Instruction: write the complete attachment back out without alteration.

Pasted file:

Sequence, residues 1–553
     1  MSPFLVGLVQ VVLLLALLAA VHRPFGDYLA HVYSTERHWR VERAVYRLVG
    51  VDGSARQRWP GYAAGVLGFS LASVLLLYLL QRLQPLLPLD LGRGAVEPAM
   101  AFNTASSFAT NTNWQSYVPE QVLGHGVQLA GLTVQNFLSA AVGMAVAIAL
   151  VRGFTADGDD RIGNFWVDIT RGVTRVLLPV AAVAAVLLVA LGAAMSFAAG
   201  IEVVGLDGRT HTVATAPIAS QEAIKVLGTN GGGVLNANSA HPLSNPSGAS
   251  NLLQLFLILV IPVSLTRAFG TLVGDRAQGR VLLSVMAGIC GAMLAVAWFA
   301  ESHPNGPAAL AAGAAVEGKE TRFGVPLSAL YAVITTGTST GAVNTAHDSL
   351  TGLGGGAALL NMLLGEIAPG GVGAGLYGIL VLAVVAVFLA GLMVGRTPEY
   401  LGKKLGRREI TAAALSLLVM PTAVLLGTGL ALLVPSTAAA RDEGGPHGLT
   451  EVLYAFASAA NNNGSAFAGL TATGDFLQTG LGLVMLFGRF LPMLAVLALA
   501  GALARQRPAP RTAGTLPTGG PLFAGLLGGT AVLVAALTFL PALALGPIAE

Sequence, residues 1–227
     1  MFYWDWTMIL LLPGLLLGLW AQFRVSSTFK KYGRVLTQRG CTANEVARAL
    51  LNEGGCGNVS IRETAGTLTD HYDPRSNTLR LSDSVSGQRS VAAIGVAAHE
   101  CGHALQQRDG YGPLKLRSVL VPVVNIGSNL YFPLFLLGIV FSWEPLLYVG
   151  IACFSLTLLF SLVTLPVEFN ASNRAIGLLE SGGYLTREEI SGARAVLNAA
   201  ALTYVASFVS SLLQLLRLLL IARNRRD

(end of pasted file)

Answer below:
Sequence, residues 1–553
     1  MSPFLVGLVQ VVLLLALLAA VHRPFGDYLA HVYSTERHWR VERAVYRLVG
    51  VDGSARQRWP GYAAGVLGFS LASVLLLYLL QRLQPLLPLD LGRGAVEPAM
   101  AFNTASSFAT NTNWQSYVPE QVLGHGVQLA GLTVQNFLSA AVGMAVAIAL
   151  VRGFTADGDD RIGNFWVDIT RGVTRVLLPV AAVAAVLLVA LGAAMSFAAG
   201  IEVVGLDGRT HTVATAPIAS QEAIKVLGTN GGGVLNANSA HPLSNPSGAS
   251  NLLQLFLILV IPVSLTRAFG TLVGDRAQGR VLLSVMAGIC GAMLAVAWFA
   301  ESHPNGPAAL AAGAAVEGKE TRFGVPLSAL YAVITTGTST GAVNTAHDSL
   351  TGLGGGAALL NMLLGEIAPG GVGAGLYGIL VLAVVAVFLA GLMVGRTPEY
   401  LGKKLGRREI TAAALSLLVM PTAVLLGTGL ALLVPSTAAA RDEGGPHGLT
   451  EVLYAFASAA NNNGSAFAGL TATGDFLQTG LGLVMLFGRF LPMLAVLALA
   501  GALARQRPAP RTAGTLPTGG PLFAGLLGGT AVLVAALTFL PALALGPIAE

Sequence, residues 1–227
     1  MFYWDWTMIL LLPGLLLGLW AQFRVSSTFK KYGRVLTQRG CTANEVARAL
    51  LNEGGCGNVS IRETAGTLTD HYDPRSNTLR LSDSVSGQRS VAAIGVAAHE
   101  CGHALQQRDG YGPLKLRSVL VPVVNIGSNL YFPLFLLGIV FSWEPLLYVG
   151  IACFSLTLLF SLVTLPVEFN ASNRAIGLLE SGGYLTREEI SGARAVLNAA
   201  ALTYVASFVS SLLQLLRLLL IARNRRD